Original article

Scand J Work Environ Health 1985;11(3):181-187    pdf

doi:10.5271/sjweh.2236 | Issue date: Jun 1985

Occupational cancer. Where now and where next?

by Roe FJ

For each kind of occupationally associated cancer, there are three distinct stages in the development of the problem: recognition of a possible problem, confirmation, and the introduction of preventive measures. In the past, recognition of a possible problem depended heavily on chance and on the powers and observation of dedicated physicians and surgeons. Confirmation consisted of the collection of further anecdotal evidence and the conduct of case-referent (case-control) or other studies. The introduction of preventive measures often lagged woefully behind confirmation that a problem existed. Recently, the power of epidemiology as a primary investigative tool has grown to the point where unsuspected associations between occupation and cancer risk may be the first hint that a problem exists. However, it is important to recognize that investigative epidemiology is capable of constructing misleading pictures. In the future there is bound to be continuing pressure to reduce maximal permissible exposure to proven carcinogens. For chemicals for which there is no more than suspicion based on laboratory tests, one must ensure that regulatory action is based on good science, sound judgement, and common sense, rather than on the machinations of those with vested interests, of ambitious lawyers, or of the lunatic fringe. Less than 10% of all cancers are likely to be due to occupational factors. Therefore, even turning the world upside down with safety precautions against actual and suspected carcinogens would only marginally affect the present human cancer burden.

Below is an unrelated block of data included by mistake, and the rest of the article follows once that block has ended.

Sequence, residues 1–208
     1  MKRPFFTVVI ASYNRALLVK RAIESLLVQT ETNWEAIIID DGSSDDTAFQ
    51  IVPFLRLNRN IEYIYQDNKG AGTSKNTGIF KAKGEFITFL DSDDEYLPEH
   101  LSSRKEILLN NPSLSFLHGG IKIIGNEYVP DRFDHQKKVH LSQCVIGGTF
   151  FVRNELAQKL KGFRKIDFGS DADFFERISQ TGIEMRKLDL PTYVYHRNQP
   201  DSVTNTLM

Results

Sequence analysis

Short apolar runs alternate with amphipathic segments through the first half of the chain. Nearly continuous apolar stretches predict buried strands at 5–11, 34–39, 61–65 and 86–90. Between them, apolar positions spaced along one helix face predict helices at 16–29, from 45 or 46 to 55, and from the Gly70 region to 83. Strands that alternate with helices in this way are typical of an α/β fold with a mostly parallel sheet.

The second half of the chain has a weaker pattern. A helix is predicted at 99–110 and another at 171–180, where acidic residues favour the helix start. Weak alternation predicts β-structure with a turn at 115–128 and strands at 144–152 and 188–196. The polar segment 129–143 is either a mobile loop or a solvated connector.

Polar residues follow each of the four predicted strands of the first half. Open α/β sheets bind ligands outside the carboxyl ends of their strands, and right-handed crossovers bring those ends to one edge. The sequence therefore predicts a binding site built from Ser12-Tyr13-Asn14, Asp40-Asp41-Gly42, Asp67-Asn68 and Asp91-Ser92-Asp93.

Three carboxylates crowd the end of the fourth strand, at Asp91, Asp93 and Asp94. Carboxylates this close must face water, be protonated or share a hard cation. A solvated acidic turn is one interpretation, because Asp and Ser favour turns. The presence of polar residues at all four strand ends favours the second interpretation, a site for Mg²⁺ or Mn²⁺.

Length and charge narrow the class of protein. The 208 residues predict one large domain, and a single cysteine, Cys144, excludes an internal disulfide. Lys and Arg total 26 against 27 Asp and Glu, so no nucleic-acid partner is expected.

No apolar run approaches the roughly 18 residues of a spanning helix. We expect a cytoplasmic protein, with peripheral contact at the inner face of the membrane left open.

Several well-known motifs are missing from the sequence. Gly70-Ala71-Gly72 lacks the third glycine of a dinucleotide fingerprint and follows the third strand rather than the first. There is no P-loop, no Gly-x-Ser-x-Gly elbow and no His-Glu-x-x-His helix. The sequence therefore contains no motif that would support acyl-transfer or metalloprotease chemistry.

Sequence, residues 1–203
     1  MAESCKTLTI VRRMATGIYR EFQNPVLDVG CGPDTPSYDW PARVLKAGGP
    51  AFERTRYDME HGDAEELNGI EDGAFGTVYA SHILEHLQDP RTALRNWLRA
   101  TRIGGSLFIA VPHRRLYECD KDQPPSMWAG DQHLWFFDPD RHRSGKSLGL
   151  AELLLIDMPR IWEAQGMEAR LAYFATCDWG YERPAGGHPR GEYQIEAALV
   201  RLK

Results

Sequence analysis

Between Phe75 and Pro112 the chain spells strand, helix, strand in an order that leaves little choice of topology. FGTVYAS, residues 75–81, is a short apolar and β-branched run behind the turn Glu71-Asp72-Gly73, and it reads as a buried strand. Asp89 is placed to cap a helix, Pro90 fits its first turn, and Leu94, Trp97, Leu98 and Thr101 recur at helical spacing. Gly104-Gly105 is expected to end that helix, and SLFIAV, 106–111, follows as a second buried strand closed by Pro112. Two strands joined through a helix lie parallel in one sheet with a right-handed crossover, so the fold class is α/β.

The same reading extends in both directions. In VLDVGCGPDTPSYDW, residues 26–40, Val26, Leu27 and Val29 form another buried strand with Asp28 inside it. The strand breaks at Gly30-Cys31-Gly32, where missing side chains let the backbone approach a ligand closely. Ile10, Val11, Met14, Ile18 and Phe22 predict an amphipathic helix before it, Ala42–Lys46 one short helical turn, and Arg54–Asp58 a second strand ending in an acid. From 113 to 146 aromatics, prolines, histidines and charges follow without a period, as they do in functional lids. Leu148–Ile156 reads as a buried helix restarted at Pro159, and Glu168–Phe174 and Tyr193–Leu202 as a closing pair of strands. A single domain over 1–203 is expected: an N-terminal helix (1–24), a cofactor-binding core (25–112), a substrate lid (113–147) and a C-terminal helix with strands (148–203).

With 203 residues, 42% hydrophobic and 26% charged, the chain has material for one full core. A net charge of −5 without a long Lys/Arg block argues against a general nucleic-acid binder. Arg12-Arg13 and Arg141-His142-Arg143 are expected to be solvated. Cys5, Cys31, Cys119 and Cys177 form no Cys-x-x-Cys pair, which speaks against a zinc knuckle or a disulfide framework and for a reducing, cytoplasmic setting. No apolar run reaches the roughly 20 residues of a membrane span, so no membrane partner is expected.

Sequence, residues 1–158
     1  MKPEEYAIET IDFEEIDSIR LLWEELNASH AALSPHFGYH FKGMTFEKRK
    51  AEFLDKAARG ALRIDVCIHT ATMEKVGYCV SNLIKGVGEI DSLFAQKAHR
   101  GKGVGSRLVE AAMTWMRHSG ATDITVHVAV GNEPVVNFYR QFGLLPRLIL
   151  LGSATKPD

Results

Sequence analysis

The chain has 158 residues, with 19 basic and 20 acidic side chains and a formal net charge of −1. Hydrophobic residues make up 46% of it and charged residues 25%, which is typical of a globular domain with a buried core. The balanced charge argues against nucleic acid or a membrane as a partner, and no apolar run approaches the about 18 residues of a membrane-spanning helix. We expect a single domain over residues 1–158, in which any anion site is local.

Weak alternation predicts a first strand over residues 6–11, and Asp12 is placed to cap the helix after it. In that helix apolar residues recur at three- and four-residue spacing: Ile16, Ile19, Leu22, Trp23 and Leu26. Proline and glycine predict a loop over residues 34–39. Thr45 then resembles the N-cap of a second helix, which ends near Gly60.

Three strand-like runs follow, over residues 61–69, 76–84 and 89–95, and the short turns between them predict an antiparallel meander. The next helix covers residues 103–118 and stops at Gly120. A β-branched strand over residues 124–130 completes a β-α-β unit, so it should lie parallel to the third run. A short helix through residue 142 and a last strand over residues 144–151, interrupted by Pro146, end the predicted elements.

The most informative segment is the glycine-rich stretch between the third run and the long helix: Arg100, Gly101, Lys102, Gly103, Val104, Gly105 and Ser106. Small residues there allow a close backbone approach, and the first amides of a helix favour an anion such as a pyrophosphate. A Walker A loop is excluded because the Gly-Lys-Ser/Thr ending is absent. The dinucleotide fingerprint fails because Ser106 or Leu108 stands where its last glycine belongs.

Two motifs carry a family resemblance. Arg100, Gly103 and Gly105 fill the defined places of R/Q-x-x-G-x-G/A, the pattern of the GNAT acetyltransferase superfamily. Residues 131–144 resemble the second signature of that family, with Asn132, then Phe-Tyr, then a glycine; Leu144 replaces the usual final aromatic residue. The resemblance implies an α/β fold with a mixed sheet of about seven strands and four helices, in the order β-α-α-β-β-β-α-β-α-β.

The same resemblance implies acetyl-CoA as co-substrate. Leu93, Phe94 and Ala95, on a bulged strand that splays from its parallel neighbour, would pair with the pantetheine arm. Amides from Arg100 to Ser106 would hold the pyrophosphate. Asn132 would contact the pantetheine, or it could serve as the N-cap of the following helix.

The following article refers to this text: 1986;12(1):75-77